Found it! Rarely anthologised I think, but Betjeman in his element - concerned with small-town England, English society, English quirkiness and the seaside. At the same time he addresses the fear of the time; that all this was in jeopardy.
The Queen's Highcliffe Hotel and The Queen's Promenade in around 1918
From out The Queen's Highcliffe for weeks at a stretch
I watched how the mower evaded the vetch,
So that over the putting-course rashes were seen
Of pink and of yellow among the burnt green.
How restful to putt, when the strains of a band
Announced a thé dansant was on at The Grand,
While over the privet, comminglingly clear,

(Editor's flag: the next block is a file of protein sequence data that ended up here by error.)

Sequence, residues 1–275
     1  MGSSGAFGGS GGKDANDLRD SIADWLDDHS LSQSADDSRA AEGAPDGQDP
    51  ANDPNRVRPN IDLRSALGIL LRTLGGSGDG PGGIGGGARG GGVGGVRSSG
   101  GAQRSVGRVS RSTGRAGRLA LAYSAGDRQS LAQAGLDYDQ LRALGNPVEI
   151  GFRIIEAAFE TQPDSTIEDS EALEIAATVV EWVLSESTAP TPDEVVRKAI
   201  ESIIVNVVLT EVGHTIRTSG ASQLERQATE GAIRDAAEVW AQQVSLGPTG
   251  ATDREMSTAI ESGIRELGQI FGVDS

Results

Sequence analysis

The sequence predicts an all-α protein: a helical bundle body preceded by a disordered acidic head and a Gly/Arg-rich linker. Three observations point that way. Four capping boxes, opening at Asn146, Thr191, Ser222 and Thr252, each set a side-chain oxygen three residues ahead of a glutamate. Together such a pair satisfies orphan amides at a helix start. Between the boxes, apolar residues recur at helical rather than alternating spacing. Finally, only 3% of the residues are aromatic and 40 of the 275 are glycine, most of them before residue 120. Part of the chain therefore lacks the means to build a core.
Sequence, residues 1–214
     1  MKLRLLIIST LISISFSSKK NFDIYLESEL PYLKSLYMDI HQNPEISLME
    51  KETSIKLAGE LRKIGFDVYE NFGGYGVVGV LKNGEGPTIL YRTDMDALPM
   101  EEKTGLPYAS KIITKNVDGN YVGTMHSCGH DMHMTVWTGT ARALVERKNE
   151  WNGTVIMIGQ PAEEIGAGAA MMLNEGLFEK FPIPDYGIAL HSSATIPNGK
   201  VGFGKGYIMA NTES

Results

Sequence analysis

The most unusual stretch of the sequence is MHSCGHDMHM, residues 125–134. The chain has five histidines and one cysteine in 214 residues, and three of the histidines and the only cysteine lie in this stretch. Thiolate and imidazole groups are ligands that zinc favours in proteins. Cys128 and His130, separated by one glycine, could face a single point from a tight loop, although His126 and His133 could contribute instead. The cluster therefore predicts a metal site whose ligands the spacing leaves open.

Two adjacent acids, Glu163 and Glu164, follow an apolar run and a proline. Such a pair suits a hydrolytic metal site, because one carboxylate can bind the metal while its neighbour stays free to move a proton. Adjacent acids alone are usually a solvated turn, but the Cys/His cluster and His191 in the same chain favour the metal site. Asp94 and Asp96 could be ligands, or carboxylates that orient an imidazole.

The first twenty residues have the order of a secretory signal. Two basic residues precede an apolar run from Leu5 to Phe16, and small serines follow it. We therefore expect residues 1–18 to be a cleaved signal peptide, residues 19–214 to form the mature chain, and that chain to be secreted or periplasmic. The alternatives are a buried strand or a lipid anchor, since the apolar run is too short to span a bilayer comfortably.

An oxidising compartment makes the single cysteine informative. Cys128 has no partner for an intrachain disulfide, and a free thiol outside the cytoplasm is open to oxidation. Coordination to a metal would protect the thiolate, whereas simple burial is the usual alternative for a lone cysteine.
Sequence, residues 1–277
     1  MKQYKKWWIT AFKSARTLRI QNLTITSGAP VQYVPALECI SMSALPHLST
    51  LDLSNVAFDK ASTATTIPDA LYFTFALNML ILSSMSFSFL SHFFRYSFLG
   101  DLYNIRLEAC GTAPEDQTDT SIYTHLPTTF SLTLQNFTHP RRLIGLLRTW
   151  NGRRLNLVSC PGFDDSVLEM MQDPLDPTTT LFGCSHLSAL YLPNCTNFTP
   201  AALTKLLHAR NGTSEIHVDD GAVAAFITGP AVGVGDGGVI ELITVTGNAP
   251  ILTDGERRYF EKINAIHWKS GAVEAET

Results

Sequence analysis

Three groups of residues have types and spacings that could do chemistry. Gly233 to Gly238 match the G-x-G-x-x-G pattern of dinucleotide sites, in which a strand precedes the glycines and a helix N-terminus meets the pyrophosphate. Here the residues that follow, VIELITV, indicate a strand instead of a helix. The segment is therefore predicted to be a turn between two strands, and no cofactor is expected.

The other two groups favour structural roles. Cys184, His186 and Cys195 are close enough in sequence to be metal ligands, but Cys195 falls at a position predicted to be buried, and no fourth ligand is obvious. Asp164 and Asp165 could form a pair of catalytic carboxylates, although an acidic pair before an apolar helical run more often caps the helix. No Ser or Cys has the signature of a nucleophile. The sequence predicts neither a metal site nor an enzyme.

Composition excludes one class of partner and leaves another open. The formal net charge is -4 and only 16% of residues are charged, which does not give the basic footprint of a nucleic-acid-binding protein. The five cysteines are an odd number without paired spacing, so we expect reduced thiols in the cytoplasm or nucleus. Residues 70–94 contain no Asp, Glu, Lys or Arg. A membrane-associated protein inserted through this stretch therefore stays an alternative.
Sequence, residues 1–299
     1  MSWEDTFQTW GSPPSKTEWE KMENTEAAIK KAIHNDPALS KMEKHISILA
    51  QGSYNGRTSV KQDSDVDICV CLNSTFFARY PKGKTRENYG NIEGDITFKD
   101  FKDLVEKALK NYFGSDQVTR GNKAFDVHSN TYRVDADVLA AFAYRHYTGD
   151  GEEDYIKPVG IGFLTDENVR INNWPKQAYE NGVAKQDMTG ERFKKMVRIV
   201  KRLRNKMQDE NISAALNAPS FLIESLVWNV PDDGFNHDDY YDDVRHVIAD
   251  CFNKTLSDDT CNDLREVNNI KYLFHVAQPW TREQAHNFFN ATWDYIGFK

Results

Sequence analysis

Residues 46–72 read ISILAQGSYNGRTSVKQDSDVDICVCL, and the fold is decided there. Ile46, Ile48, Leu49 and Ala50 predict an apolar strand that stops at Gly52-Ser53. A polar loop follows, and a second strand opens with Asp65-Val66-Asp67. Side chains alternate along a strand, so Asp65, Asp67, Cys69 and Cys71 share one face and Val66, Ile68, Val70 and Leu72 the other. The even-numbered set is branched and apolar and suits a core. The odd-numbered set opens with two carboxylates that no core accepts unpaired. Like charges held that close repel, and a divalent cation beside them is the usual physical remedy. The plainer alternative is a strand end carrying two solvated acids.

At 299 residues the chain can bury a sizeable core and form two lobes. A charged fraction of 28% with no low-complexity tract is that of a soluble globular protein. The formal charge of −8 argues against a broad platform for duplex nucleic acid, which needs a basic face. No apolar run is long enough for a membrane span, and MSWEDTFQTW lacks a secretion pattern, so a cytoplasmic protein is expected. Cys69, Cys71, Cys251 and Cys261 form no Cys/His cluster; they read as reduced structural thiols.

I heard lesser Co-Optimists down by the pier.
How lightly municipal, meltingly tarr'd,
Were the walks through the lawns by the Queen's Promenade
As soft over Cliftonville languished the light
Down Harold Road, Norfolk Road, into the night.
Oh! then what a pleasure to see the ground floor
With tables for two laid as tables for four,
And bottles of sauce and Kia-Ora and squash
Awaiting their owners who'd gone up to wash -
Who had gone up to wash the ozone from their skins
The sand from their legs and the rock from their chins,
To prepare for an evening of dancing and cards
And forget the sea-breeze on the dry promenades.
From third floor and fourth floor the children looked down
Upon ribbons of light in the salt-scented town;
And drowning the trams roared the sound of the sea
As it washed in the shingle the scraps of their tea.
Beside The Queen's Highcliffe now rank grows the vetch,
Now dark is the terrace, a storm-battered stretch;
And I think, as the fairy-lit sights I recall,
It is those we are fighting for, foremost of all.